The collapse of the Rana Plaza factory building in Bangladesh is the worst ever industrial incident to hit the garment industry. On 24 April 2013, the Rana Plaza building came crashing down, killing 1,134 people and leaving thousands more injured. People all across the world looked on in shock and horror as media reports poured in revealing the true extent of the human toll. There were harrowing stories of survival, of people who had no choice but to amputate their own limbs in order to be freed from the rubble and survive.
The collapse of Rana Plaza brought worldwide attention to deathtrap workplaces within the garment industry. The public interest and media attention has resulted in more political pressure than ever before to effect change and has led to significant ground-breaking approaches to prevention and remedy, with the establishment of the binding Accord on Fire and Building Safety in Bangladesh and the Rana Plaza Arrangement involving all major stakeholders, meant to compensate the survivors and the families of the killed workers.
The Rana Plaza Arrangement
It is true that no amount can make up for the loss of a loved one or the resulting physical and emotional scars inflicted on those who survived such a tragedy. But what is also true is that the survivors and victims’ families should be compensated for the financial and medical losses they sustained as a direct result of the disaster. After the disaster the Rana Plaza Arrangement was set up, which included a trust fund collecting contributions primarily from the 29 global brands that had recent or current orders with at least one of the five garment factories in the Rana Plaza building. Only after more than two years after the disaster and some vigourous campaigning could the last reluctant brands, such as Benetton, be convinced to pay an approriate amount into the fund and was the target of $30 million compensation reached.
Despite the long campaign not all brands that were associated with production in one of the Rana Plaza factories paid up.
Still Waiting a report from 2013 about the struggle to reach compensation for the families affected by Rana Plaza and Tazreen Fashions.
More information about the arrangement and a complete list of all the donors to the Fund is available here at the website of the Rana Plaza agreement.
- Rana Plaza three years on: Compensation, Justice, and Workers' safety (2016)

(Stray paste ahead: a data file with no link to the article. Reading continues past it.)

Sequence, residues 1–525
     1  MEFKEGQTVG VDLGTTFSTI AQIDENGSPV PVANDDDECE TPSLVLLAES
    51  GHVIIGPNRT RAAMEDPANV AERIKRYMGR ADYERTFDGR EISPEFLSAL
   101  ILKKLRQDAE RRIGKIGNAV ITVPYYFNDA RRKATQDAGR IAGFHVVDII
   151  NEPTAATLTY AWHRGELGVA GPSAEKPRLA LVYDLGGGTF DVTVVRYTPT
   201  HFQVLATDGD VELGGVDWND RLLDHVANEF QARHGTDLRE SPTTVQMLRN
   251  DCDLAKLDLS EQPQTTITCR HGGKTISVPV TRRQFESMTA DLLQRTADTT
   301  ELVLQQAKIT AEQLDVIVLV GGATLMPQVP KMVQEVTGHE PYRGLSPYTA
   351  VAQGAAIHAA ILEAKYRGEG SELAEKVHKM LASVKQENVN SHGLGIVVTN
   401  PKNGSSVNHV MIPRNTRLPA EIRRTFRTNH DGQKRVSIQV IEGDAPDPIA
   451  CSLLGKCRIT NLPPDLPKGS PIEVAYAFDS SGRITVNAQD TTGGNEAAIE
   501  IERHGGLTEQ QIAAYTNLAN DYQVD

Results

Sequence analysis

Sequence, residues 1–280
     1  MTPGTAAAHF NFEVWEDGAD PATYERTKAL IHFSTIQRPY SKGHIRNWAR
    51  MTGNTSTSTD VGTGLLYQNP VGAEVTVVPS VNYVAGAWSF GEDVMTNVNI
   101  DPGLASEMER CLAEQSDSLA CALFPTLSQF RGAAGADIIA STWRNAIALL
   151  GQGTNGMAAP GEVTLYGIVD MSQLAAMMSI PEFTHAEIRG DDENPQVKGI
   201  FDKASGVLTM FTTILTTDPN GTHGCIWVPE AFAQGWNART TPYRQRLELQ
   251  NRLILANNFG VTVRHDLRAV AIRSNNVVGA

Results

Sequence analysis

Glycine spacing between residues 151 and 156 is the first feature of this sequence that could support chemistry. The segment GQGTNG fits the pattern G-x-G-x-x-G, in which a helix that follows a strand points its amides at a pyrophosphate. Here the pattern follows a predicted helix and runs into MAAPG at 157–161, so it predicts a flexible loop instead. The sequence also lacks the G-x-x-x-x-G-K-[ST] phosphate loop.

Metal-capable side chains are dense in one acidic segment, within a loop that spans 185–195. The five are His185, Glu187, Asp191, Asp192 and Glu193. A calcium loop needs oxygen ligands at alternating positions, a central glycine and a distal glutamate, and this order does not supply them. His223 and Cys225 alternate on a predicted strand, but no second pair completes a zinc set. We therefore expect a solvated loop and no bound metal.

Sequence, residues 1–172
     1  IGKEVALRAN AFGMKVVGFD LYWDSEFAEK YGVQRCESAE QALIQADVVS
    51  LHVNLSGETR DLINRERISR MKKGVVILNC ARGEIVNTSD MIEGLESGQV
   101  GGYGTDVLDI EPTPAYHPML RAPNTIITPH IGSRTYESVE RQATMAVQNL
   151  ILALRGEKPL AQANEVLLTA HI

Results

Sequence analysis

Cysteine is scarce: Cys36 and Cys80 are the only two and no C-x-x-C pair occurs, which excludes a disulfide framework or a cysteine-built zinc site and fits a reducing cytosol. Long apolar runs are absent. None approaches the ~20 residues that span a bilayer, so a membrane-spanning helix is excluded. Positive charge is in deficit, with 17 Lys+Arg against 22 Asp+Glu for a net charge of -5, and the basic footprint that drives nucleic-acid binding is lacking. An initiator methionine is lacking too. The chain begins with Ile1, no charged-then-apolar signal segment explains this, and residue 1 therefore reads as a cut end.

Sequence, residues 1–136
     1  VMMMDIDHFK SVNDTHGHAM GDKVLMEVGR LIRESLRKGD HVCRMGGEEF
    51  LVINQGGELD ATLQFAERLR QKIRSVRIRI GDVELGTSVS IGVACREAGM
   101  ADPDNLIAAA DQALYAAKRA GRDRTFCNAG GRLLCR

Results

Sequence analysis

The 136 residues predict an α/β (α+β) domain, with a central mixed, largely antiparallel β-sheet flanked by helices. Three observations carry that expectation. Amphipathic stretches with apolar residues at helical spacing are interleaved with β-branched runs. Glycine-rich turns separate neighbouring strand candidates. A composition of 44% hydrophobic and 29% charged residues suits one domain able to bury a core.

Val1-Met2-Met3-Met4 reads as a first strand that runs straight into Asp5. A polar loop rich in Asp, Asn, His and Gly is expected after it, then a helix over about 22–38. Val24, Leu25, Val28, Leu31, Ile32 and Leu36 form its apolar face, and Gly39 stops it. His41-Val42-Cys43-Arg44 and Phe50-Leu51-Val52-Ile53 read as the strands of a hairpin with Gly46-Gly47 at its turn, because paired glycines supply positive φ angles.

Rana Plaza in the media
- The shirt on your back - The Guardian
- In pictures: recounting the horrors of Rana Plaza - Al Jazeera
- The deadly cost of fashion - New York Times
- Interactive guide to Rana Plaza - The Guardian
- When workers die, no company can walk away - Al Jazeera
- UNI global union about the events of April 24th
- Eight Storeys - project showing cost of fashion
Shila Begum: a survivor's story
“I felt a shock and the floor gave way. People started running in chaos and the ceiling came down. I kept protecting my head, but I got stuck between the rubble. My hand got stuck and I thought I would die. People around died.”
Shila lay trapped in the rubble for a full day, like many of those around her she was screaming out for help. Finally at 5pm someone came to rescue them.
“They tried to pull the concrete plates that were on top of us. From boths side of the plates people were pulling me and they managed to get me out. [But] the weight of the concrete had pulled my uterus. At 11pm they removed my uterus completely.”
Shila, who had moved to Dhaka with her daughter in search of work after her husband died, is now unable to work due to the pain she suffers in her arm and the traumatic effects of the day.
“I need medical treatment and I have dreams for my child, so I need to earn money. The tuition fees might be low, but all the materials you need to buy, like shoes, books, uniform and the exam money comes on top of this.”She called on all brands across Europe to immediately pay up, so that she and the thousands of survivors and family members can begin to rebuild their lives. It would last another year before the Rana Plaza fund would be fully filled and full and fair compensation could be paid out.